Examples of brake-system NVH control include using Molykote Lubolid powder additives in pad and lining matrices to reduce frictional noise, vibration, and wear. Caliper pin grease helps to quiet noise on brakes, and AFC for brake-pad retainer clips reduces friction, noise, and potential roughness. Good lubrication also can help control NVH that might arise from back plates, shims, boosters, and pedal bearings and pivots. The same wear and corrosion resistance extends the life of loading-arm connecting pins for construction equipment such as backhoes.

Controlling noise from body systems is important, too. Noise-damping greases are applied to slider guides for sunroofs and panoramic roofs. Colorless, non-staining AFCs are used on seals for windows and doors. Other lubrication solutions enhance the tactile quality and help deliver smooth-operating outside mirrors and antennas, as well as door, trunk, and liftgate latching mechanisms.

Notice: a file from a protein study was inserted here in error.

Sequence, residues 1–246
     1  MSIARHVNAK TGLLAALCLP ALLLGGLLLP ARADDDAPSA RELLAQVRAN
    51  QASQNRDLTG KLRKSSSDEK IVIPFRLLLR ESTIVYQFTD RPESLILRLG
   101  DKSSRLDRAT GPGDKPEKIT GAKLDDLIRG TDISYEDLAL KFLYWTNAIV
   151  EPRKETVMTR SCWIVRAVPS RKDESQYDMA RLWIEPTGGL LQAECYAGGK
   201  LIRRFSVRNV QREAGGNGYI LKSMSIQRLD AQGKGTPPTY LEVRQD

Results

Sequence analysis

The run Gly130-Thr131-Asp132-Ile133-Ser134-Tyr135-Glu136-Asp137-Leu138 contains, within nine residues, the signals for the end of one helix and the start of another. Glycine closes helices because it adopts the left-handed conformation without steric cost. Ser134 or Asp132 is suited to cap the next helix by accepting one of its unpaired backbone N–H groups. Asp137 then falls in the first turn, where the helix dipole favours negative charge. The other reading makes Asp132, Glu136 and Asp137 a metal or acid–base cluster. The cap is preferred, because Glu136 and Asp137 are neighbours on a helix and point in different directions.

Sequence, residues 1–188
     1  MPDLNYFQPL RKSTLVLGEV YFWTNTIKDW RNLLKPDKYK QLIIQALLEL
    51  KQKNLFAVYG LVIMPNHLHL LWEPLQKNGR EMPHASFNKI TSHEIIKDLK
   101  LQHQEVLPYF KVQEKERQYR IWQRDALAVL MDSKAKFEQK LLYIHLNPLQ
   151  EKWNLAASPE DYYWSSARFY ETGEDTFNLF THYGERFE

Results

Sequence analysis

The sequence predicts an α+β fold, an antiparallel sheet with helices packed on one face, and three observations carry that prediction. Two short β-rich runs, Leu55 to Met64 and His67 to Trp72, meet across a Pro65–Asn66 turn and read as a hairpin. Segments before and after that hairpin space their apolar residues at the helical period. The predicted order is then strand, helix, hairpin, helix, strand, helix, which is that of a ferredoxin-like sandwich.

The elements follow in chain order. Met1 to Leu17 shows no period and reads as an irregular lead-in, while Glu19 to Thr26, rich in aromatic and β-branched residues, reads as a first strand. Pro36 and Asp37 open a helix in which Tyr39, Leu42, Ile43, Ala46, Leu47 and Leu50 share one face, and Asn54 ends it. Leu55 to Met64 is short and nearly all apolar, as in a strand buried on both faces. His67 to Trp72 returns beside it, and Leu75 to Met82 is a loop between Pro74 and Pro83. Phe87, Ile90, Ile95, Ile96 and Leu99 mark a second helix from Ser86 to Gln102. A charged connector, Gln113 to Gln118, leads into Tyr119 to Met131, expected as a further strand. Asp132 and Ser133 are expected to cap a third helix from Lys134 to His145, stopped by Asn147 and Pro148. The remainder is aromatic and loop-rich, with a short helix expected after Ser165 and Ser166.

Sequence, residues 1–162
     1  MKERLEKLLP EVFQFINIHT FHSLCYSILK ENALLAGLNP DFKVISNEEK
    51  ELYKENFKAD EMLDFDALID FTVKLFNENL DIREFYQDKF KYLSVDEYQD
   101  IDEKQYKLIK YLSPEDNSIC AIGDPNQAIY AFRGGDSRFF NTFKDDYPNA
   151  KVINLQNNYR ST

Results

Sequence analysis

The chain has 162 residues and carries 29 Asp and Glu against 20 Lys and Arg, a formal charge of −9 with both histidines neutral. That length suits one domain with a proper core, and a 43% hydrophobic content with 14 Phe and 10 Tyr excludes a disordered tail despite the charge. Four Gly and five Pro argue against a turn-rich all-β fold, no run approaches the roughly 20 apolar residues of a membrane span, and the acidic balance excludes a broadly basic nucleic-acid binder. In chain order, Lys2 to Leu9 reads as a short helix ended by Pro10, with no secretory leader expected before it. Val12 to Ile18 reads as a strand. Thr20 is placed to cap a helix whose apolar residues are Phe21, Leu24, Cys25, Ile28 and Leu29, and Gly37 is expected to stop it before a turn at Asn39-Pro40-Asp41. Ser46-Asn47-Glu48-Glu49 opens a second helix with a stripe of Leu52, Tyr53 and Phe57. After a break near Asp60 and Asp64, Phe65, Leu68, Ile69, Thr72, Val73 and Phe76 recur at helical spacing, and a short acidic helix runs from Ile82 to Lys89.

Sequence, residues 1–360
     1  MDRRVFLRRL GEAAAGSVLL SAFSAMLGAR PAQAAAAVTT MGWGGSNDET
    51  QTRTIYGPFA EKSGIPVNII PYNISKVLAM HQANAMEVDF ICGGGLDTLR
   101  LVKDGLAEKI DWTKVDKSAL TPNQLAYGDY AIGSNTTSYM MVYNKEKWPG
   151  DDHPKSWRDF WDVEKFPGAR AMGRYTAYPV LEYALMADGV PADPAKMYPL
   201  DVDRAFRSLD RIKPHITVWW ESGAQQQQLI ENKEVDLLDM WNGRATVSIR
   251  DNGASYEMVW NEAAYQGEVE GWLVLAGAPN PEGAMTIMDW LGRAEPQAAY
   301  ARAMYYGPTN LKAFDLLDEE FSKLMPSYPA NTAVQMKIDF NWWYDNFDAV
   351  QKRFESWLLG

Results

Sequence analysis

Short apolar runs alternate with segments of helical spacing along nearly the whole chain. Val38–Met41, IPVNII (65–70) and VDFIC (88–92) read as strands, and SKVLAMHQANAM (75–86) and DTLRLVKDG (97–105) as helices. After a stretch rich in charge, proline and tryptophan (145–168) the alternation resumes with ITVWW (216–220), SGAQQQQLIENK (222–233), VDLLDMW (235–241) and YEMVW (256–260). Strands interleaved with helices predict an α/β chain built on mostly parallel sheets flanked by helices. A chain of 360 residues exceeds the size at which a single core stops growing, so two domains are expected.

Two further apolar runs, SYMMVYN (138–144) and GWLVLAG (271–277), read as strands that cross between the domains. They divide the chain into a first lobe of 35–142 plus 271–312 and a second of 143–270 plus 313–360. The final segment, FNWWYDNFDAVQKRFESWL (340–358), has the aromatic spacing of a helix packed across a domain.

As the volume of engine, road, and wind noise has been lowered, the need to control buzzes, squeaks, and rattles (BSR) inside the vehicle has soared. With more comfort-and-convenience content inside vehicles, unwanted noises can become real owner/operator irritants as well as costly warranty-repair problems. Also, the just-right tactile feel on interior components contributes plenty to perceived quality.

Noise-damping lubricants can be used throughout a vehicle’s interior. They eliminate noise and add a velvety touch to media controls and a full range of rocker-, toggle-, and slider-switch technologies. They are especially effective for quieting noise and smoothing operation of miniaturized motors with plastic gear sets.